Goodbody – latest TRG action indicates group would now survive on existing facilities until year end in event of very prolonged shut-down: Goodbody leisure analyst Paul Ruddy has said the latest action by The Restaurant Group (TRG) indicates the group would now survive on existing facilities until the year end in the event of a very prolonged shut-down. Ruddy said: “As of year-end the group had cash net debt of £287m and more than £160m of cash and facilities. Working capital was made up of £188m of payables offset by £48m of receivables and prepayments. We would assume there was negligible cash burn in January and February so the group entered this crisis with good room in facilities. TRG set out a scenario at the end of March encompassing a ten-week shut-down in leisure before normalising in the second half, and a 92% decline in concessions with a recovery to minus 32% in the second half. In this scenario net debt would be in a range of £209 to £263m on an Ebitda range of £95m to £105m. It would retain £75m of cash liquidity throughout the remainder of the 2020 financial year. This assumed concession rents are turnover based and assumes a 50% reduction in its rent roll. Its latest update indicates the group will have a minimum of £90m of cash and facilities under its scenario. If the shut-down persists beyond its initial ten-week projection, the group highlighted monthly cash burn will be £15m and this should now be lower given government support for furloughed workers. This indicates the group would survive on existing facilities until year end, in the event of a very prolonged shut down. Overall, it is encouraging to see TRG’s lenders are being supportive. The group appears to be taking very swift and decisive action on costs with board changes and remuneration cuts providing further evidence of this. There was media speculation last week the group needed to do a rights issue. However, our view is the group is focused on getting costs under control and ensuring it has sufficient wiggle room in its existing debt facilities to survive for an extended period.”
McDonald’s seeing delivery grow about 20%: McDonald’s chief executive Chris Kempczinski has said its global $5bn delivery business is seeing a spike as restaurants across the US move to takeaway operations. In an interview with CNBC, Kempczinski said delivery was growing at about 20% and “through this crisis, we’re seeing our delivery sales become even more pronounced”. In China, where 95% of the company’s restaurants are open, Kempczinski said delivery growth has sustained post-crisis, which could be the trajectory for the US. Kempczinski said the company has had to close 50 of circa 14,000 restaurants in the US, mostly because they are part of a building or attraction that has shut. He added: “We are better set up than most to continue to operate in what is certainly a very trying time.” Giving further detail about the support the company was giving, Kempczinski said it was working with franchisees and lenders to restructure loan payments and getting payment extensions from suppliers. It’s also offering rent deferrals, which typically were a percentage of sales. “We’re all really chipping in and it’s incredibly important for us to keep our franchisees viable and open through all of this so they can serve the community,” he said.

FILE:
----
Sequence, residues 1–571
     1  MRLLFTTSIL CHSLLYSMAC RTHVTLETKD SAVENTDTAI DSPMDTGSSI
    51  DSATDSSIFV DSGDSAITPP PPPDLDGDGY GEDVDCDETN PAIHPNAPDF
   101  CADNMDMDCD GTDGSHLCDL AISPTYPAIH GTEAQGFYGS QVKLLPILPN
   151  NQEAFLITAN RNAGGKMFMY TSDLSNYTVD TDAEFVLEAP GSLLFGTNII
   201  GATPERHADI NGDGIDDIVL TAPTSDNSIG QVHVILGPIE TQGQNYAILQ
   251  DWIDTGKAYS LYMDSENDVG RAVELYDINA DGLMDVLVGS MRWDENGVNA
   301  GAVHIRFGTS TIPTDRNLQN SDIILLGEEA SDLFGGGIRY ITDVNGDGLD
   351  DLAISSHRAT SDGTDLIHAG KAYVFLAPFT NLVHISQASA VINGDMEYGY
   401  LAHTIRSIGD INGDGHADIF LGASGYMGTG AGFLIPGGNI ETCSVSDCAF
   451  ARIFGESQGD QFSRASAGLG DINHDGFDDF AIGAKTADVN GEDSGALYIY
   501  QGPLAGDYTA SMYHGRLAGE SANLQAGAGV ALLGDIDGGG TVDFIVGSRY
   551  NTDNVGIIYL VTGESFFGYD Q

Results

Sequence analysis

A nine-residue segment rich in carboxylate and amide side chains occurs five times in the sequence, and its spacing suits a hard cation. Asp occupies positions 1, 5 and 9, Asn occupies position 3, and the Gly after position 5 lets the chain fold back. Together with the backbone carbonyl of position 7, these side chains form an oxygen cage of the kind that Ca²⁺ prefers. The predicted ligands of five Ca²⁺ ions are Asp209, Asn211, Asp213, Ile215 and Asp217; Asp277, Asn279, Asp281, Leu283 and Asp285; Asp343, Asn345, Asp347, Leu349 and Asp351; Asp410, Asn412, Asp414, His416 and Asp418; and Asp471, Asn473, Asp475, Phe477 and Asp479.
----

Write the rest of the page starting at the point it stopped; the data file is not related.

Honest Burgers teams up with City Harvest: Active Partners-backed Honest Burgers has teamed up with City Harvest, a charity that distributes surplus food in London, to provide food for those facing poverty across the capital. Since closing its restaurants, Honest Burgers said it had decided to repurpose its “quality ingredients into delicious single serving meals to feed NHS workers on the front line”, and by joining forces with City Harvest it is able reach the vulnerable facing food poverty in London. At the same time, Bidfood has donated some ingredients to Honest Burgers. Tom Barton, co-founder of Honest Burgers, said: “About three weeks ago, with a heavy heart, we decided to close down our business while we fight through this pandemic. It just didn’t feel right to put so many of our teams in harm’s way. This then left us with lots of surplus food and we couldn’t let it go to waste. We set about turning our prep kitchen and butchery into a ready meal production line and have managed to cook up in excess of 5,000 meals with the same quality ingredients we use in our restaurants. City Harvest has been the link to getting these meals to people that need them. We need more charities/people businesses like City Harvest in tough times like these!” City Harvest chief operating officer Nikki Tadema added: “City Harvest is delighted to be working with Honest Burgers helping it distribute their meals to community groups and food banks that are getting them directly to those who cannot afford to eat.”